EarthScience Wire

View from space: Hawaii

This image was captured by the Moderate Resolution Imaging Spectroradiometer (MODIS) on NASA’s Terra satellite on January 26, 2014. The remarkably cloud-free view shows the range of ecological diversity present on Hawaii’s Big Island.

Image credit: NASA
Image credit: NASA

The Big Island is home to Mauna Kea, the tallest sea mountain in the world at 4,205 meters (13,796 feet) and the tallest mountain on the planet—if you measure from seafloor to summit, a distance of more than 9,800 meters (32,000 feet). Both Mauna Loa and Mauna Kea are volcanic, though only Mauna Loa has been active recently. But Kilauea is one of the world’s most active volcanoes. A small puff of steam rises from an erupting vent in this image. Black and dark brown lava flows extend from both Kilauea and Mauna Loa.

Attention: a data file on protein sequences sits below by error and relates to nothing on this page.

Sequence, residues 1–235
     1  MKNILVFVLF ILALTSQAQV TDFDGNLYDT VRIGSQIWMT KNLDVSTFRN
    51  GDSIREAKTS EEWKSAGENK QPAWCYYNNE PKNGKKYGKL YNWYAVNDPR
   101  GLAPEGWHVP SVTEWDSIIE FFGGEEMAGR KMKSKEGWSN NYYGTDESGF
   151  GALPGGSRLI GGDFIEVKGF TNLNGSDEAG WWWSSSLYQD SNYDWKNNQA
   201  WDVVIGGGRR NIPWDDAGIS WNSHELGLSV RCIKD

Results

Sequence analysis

The east side of the island is lush and green with tropical rainforest. Much less moisture makes it to the lee side of the mountains. The northwestern shores of Hawaii are desert. Kona, on the western shore, receives plenty of rain because the trade winds curve back around the mountains and bring rain. Pale green areas on all sides of the island are agricultural land and grassland.

The image below was taken by an astronaut aboard the International Space Station (ISS) on January 18, 2014. This image shows the shows the island in context. At 10,432 square kilometers (4,028 square miles), Hawaii’s Big Island is nearly twice as big as all of the other islands combined.

Image credit: NASA
Image credit: NASA

Read more from NASA Earth Observatory

January 29, 2014

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Eleanor Imster

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